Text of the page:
The Kate Bush tribute act from Bristol on why business has been booming

  • Watch Lisa-Marie Walters talk to ITV News West Country

A Kate Bush tribute act from Bristol has described how her bookings have sky-rocketed since the artist's song featured on the popular Netflix series Stranger Things.

Running Up That Hill was first released in 1985, but has had a global resurgence in popularity after featuring in the hit sci-fi series.

English singer-songwriter Kate Bush has now broken the record for the longest time taken for a single to reach number one, after she landed in the top spot 37 years later.

Not only has it provided a boost for the singer herself, but also for tribute act Lisa-Marie Walters, who says business has never been better since she began performing as the star in 2019.

Kate Bush in 1979 Credit: PA images

“It’s been bonkers", she told ITV News West Country.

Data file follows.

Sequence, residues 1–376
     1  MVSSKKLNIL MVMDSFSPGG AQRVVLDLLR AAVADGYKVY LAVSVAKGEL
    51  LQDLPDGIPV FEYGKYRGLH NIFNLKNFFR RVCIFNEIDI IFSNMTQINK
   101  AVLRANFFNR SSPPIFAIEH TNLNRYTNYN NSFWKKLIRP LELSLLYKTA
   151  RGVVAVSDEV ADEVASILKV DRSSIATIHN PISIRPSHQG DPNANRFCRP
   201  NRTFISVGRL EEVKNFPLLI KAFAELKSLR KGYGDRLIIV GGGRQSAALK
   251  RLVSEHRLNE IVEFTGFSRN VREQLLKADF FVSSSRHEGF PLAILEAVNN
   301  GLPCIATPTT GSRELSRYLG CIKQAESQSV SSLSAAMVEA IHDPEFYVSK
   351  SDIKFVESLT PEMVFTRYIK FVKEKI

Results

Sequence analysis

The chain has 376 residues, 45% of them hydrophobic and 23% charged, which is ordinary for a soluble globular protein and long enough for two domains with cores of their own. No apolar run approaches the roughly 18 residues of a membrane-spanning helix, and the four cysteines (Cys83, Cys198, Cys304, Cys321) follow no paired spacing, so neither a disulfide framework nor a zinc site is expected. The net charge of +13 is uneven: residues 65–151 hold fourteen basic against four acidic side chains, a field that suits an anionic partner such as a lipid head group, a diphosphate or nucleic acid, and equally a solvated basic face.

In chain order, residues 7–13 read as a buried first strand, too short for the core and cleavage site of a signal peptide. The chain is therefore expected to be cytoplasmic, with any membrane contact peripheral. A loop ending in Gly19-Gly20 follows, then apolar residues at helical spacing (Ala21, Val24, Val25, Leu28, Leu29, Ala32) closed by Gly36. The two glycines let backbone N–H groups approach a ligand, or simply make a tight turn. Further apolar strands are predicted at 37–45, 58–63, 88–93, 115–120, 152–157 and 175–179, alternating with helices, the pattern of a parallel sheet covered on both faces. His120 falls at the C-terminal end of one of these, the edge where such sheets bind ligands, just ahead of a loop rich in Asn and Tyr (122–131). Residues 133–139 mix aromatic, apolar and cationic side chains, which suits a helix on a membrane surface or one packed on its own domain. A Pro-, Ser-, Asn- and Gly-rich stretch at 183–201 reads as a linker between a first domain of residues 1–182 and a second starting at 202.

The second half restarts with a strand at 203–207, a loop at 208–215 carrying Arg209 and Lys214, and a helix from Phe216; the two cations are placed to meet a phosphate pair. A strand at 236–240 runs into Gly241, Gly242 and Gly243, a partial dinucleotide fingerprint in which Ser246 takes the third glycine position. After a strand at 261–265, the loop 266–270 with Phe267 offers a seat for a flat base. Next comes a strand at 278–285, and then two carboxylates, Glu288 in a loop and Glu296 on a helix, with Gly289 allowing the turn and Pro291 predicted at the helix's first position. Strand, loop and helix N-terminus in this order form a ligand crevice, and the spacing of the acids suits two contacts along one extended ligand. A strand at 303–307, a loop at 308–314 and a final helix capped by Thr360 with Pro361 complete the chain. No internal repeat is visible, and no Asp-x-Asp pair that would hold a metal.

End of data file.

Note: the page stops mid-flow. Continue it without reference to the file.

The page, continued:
"It's just been absolutely crazy. It’s wonderful, it’s great for Kate and it’s wonderful that her music is getting out there again.

“We’ve had lots of radio interviews and a little spot on the other news programmes so yeah it’s just been crazy."

Lisa-Marie Walters says she is actually a fan of the sci-fi series, and had heard a rumour that Kate Bush was going to be featured on the latest episodes.

"It was a friend actually that reached out actually and said there was a rumour that Kate Bush was going to be featured quite poignantly – it’s the word that she used", she said.

"She was really excited and there was also a little bit of a kind of teaser because Winona Ryder wore a Kate Bush badge to the premiere so all of her fans were like ‘what’s that about? Why’s Winona Ryder wearing a Kate Bush badge?’”

Lisa-Marie says Running Up That Hill, along with Wuthering Heights, has quickly turned into her most requested song.

“It’s definitely one of the most popular, it always has been so we’ve always played it," she said.

“I think it’s timeless but I think a lot of Kate’s music is timeless and she doesn’t even have a particular genre that she goes and follows.

"It’s also that tribal beat in it I think that resonates with a lot of people."